Advice to Others: My advice would be to find a race with eight or more horses in which you can narrow down the winner to a single horse. When you have a key horse, it makes it much more affordable to add extra horses in the lower legs. Also remember that the bigger the field, the higher your potential payoff will be.
10-Cent Superfecta with Vulnerable Low Priced Contenders
Toby Turrell has been clocking horses in Southern California for more than 20 years, and is widely recognized as one of the circuit's premier morning observers.
Favorite strategy: My favorite bet is quickly becoming the 10-cent superfecta. I’m not sure all the tracks have it yet. A big part of my daily attack on all exotics is based just on the way the horse is training. When I can throw out a low-priced contender based on how it’s is training, I can use the 10-cent superfecta to play all the other horses with a reasonable chance of winning. In this way, I can win big priced exotics by just eliminating one horse. If a horse isn’t training well, it’s likely that it will run outside the superfecta.
Advice to others: If they think that a lower priced horse if vulnerable – it doesn’t have to be the favorite, it can be second or third – [players] can use the 10-cent superfecta to cover all other contenders and longshots and still make a healthy profit. Generally, the 10-cent superfecta is a $1 bet. The 10-cent superfecta gives you 10 times the spending power to cover various combinations.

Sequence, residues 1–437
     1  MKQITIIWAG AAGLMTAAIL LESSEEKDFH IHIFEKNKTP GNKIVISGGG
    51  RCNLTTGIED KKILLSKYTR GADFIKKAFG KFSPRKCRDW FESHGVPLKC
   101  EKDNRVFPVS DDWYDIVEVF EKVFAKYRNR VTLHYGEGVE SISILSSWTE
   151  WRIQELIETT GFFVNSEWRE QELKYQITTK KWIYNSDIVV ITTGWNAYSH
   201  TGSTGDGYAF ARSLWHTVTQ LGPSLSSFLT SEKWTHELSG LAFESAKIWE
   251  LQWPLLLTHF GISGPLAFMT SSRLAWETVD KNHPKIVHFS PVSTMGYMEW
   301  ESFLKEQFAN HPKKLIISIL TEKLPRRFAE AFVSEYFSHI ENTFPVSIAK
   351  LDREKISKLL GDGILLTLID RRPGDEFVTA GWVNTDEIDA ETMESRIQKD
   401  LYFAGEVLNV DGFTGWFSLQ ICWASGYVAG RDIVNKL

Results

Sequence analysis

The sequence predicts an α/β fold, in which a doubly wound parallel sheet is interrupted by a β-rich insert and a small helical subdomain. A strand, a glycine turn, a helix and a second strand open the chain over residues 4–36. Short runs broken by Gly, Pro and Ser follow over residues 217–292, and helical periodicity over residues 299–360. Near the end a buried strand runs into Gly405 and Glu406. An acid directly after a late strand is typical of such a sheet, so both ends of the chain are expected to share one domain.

Play the Pick 6 by Eliminating False Favorites
Steven Kolb is the author of How to WIN the PICK 6.
Favorite strategy: The best of the Exotic Wagers is the PICK 6. If you want to attain wealth playing the horses, the only way to do so is by being a Pick 6 winner. A repeat Pick 6 winner.
Generally NY and CA offer the largest Pick 6 opportunities, with daily five – six – and sometimes seven figure jackpots.
It’s a minimum $2 bet that some players, or syndicates, will wager thousands of dollars on. Time and time again the big bettors come up empty – losers. They probably know how the Pick 6 should be played, but they don’t play it that way. They play like everyone else – cover the favorites.
Studies show that year after year, Morning Line Favorites win about 30% of the Pick 6 races. The 30/30/40 Rule states that 30% of Pick 6 races are won by favorites, 30% are won by horses at 9-2 odds or lower, and 40% of Pick 6 races are won by horses at 5-1 odds or higher!
Time and time again, players cover five or all six of the favorites on their ticket. It’s a maddening thought, “How can I NOT cover the favorite? On paper it’s the best horse in the race!” Do your homework and handicap the races. Find at least three false favorites and don’t bet them.
Advice to others: For a basic $32 wager you can select ten horses. Pick three favorites and single two of them. Then fill your ticket with three selections of horses at odds of 9-2 and lower; followed by four selections of horses at odds of 5-1 and higher. Before long you just might bring home a $10K to $25K paycheck. Then you’re off to the races.
The Pick 6 is where the BIG money is. It’s where you should be, too.